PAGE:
[[t]ˈhɜr li[/t]] n. pl. hurl•ies
commotion; hurly-burly

From formal English to slang. 2014.

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  • Hurly — Hur ly, n. [Cf. F. hurler to howl.] Noise; confusion; uproar. [1913 Webster] That, with the hurly, death itself awakes. Shak. [1913 Webster] …   The Collaborative International Dictionary of English

  • hurly — [hʉr′lē] n. [< HURL] Archaic uproar; turmoil …   English World dictionary

  • hurly — /ˈhɜli/ (say herlee) noun (plural hurlies) commotion; hurly burly. {shortened form of hurly burly} …  

  • hurly — noun Etymology: probably short for hurly burly Date: 1594 uproar, tumult …   New Collegiate Dictionary

  • hurly — /herr lee/, n., pl. hurlies. 1. commotion; hurly burly. 2. Brit. hurley. [1590 1600] * * * …   Universalium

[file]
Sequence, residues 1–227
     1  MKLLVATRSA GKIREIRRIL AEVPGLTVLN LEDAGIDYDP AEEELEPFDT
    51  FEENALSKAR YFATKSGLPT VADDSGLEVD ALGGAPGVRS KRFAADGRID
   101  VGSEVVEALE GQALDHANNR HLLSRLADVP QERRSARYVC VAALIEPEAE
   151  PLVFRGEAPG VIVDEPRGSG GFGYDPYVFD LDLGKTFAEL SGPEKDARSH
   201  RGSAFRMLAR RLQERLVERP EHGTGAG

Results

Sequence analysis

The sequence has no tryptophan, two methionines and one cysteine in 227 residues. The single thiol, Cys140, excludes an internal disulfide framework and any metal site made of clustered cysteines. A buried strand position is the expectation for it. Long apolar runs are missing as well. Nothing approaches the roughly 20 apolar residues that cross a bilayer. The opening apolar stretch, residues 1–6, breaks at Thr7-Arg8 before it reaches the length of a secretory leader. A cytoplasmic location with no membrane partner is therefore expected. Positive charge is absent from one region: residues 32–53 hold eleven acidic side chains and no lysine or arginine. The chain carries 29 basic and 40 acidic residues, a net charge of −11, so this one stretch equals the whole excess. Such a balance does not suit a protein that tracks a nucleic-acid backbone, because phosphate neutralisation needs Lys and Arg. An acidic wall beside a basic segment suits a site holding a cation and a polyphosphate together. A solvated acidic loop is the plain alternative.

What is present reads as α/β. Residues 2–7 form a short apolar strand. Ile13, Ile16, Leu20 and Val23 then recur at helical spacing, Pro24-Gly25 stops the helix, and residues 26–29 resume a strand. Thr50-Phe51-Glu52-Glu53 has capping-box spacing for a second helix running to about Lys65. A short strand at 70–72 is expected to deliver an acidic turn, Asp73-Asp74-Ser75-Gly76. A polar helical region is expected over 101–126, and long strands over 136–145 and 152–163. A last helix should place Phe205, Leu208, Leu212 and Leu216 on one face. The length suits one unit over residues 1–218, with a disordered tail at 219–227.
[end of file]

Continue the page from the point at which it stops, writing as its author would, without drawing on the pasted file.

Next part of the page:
• hurly — ˈhərlē noun ( es) Etymology: probably short for hurly burly (I) : confusion, uproar, tumult …   Useful english dictionary

  • Hurly-burly — Hur ly bur ly, n. [Reduplicated fr. OE. hurly confusion: cf. F. hurler to howl, yell, L. ululare; or cf. E. hurry.] Tumult; bustle; confusion. Shak. [1913 Webster] All places were filled with tumult and hurly burly. Knolles. [1913 Webster] …   The Collaborative International Dictionary of English

  • hurly-burly — [hʉr′lē bʉr′lē] n. pl. hurly burlies [prob. extended < HURLY] a turmoil; uproar; hubbub; confusion adj. disorderly and confused …   English World dictionary

  • Hurly Burly — (engl.), 1) arges Getös; 2) Alles durch einander, wie Kraut u. Rüben; 3) Freudengeschrei der englischen Matrosen; 4) ohne alle Umstände, gerade zu …   Pierer's Universal-Lexikon

  • hurly-burly — also hurlyburly, 1530s, apparently an alteration of phrase hurling and burling, reduplication of 14c. hurling commotion, tumult, verbal noun of HURL (Cf. hurl) (q.v.). Hurling time was the name applied by chroniclers to the period of tumult and… …   Etymology dictionary

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